Dilute your overly acidic dish by mixing it with another portion of the same food. Alternatively, you can just add more liquid ingredients such as water, stock, broth, etc. If the dish tastes too bland, adjust the seasoning to your liking. As a consequence of dilution, the acidity is reduced (5).
Common cooking mistakes and how to fix them
Your dish is too salty
In case you were wondering, dumping a potato in an overly salty dish does not soak the excess salt. If you end up with an overly salty dish, the best thing you can do to fix it is by diluting your dish. Add more liquid such as water, broth, or stock if it is a soup. If it is a stew, add more veggies and meat to dilute the salt. However, starches can absorb sodium ions. The negative potential of the starch granule attracts the cation and repels the anion. However, the absorption of Na+ is rather limited (6).
You made a dish too sour
Do not fret if you have added too much of an acidic ingredient such as tomato, wine, lemon, or vinegar. The best thing you can do to counteract too much sourness is by adding a sweetener such as sugar or honey, cream, or even caramelized onions.
Although not recommended, you can add a pinch of baking soda to fix your overly sour dish if all else fails. When sodium bicarbonate is dissolved in water, it ionizes and forms HCO3− ions which then react with H+ ions from the acids. Its use in food is because of their nature to react with acids such as vinegar, lemon juice, cream of tartar, and bacterial acids forming carbon dioxide (7).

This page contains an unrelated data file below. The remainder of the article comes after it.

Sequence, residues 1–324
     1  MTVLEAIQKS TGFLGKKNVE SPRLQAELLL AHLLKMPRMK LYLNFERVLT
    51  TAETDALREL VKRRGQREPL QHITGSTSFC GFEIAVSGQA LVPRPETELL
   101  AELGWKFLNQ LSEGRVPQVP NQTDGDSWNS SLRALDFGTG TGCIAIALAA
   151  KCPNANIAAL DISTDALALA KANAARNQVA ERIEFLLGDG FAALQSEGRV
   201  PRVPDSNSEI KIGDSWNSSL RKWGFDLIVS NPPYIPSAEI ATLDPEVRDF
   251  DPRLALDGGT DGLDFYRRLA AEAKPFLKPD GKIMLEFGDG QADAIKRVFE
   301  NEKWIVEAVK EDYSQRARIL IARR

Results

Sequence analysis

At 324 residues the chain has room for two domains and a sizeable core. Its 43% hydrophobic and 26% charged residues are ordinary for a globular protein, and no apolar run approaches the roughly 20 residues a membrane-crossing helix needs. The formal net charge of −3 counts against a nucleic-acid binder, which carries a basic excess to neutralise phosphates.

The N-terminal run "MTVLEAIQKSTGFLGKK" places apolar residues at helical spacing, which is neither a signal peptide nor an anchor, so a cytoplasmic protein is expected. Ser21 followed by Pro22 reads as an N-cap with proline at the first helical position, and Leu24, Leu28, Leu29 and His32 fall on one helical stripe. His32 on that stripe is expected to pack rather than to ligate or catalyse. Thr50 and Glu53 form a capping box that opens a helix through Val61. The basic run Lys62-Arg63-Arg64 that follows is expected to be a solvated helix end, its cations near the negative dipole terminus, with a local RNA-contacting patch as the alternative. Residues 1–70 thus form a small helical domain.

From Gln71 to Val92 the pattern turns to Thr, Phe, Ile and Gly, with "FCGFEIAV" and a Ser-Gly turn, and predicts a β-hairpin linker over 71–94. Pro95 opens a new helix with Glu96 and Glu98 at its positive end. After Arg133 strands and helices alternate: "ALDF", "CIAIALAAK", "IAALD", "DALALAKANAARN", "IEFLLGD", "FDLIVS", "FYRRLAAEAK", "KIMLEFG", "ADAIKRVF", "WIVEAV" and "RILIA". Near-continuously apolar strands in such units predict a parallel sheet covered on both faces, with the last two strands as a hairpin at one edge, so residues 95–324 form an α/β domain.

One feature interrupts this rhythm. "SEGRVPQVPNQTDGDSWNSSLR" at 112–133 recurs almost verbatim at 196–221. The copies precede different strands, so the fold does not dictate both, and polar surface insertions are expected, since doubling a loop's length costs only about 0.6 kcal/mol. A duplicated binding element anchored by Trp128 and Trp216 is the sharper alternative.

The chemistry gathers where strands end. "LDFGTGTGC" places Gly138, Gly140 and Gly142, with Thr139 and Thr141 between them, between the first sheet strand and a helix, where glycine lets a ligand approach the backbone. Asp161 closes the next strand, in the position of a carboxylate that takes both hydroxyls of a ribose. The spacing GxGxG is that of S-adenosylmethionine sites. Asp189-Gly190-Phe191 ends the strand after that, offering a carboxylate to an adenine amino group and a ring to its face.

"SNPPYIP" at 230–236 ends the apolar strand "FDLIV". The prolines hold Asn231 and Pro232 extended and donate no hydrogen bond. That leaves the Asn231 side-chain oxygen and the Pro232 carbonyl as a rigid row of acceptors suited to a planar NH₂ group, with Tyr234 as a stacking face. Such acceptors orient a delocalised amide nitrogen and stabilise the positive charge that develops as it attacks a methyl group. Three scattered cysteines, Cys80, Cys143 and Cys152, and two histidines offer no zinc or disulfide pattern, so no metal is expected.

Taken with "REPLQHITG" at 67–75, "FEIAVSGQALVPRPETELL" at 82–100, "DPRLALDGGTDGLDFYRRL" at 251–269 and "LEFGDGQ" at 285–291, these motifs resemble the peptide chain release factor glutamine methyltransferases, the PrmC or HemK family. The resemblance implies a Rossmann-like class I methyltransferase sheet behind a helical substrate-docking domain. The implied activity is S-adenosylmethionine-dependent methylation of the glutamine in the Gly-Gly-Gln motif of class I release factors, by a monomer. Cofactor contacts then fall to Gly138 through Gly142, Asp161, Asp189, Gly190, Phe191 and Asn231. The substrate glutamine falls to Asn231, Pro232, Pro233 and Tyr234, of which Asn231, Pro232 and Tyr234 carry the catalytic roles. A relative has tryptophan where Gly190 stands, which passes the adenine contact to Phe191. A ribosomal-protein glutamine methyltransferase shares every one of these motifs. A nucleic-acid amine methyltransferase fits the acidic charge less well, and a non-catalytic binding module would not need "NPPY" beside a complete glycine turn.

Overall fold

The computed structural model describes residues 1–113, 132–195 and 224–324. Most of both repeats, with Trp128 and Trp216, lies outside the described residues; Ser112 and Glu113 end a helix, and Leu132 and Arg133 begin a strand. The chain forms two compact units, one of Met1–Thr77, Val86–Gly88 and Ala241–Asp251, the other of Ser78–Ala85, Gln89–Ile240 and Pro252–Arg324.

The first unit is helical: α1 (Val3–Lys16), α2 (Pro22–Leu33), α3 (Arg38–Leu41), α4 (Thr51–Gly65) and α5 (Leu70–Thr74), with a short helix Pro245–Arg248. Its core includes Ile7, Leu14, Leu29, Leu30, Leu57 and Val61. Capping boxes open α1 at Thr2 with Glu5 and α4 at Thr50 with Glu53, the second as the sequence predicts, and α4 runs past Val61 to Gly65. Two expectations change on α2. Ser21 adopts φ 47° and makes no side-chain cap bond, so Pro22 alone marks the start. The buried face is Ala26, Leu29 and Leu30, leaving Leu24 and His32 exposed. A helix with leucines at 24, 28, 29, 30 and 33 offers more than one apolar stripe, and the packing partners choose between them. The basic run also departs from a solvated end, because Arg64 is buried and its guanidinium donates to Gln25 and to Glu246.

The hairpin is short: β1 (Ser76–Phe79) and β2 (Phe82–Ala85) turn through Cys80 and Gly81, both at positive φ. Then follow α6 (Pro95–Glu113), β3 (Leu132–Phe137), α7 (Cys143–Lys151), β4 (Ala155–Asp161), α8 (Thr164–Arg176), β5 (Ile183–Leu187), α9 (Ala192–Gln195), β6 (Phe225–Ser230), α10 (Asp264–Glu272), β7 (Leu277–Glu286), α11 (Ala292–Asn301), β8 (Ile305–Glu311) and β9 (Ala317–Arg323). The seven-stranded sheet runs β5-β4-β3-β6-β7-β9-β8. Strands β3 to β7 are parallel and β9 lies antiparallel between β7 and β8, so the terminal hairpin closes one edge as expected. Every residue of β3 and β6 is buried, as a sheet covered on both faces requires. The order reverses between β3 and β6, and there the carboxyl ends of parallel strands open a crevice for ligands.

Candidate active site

It’s a bit too tart
Tartness is similar to sourness but the tartness is caused by a citrus ingredient only. You can cut down the excess tartness by adding sugar, honey, or maple syrup to your dish. A tart taste is a sour taste and can be neutralized with the addition of sugar (2).
Your dish is too sweet
Consider adding an acidic ingredient such as lemon juice or vinegar to fix your overly sweet dish. Add a pinch of salt along with the acidic ingredients to help balance out the flavors. Studies have shown that the sugar addition can suppress sourness, and acid can be used to suppress sweetness in solution studies (2).
Your dish has a bitter flavor
If your dish turns out to be too bitter due to the addition of excess greens or spices such as turmeric, you can count on sweeteners or fats to cut through the bitterness. Stir some sugar, honey, cream, or butter in your dish to tame the bitterness. There is a variation among people and among bitter agents in the ability of sucrose to suppress bitterness, but for some people and for some compounds, sucrose is an unequivocally effective masker of bitter taste (8).
Your dish is pretty bland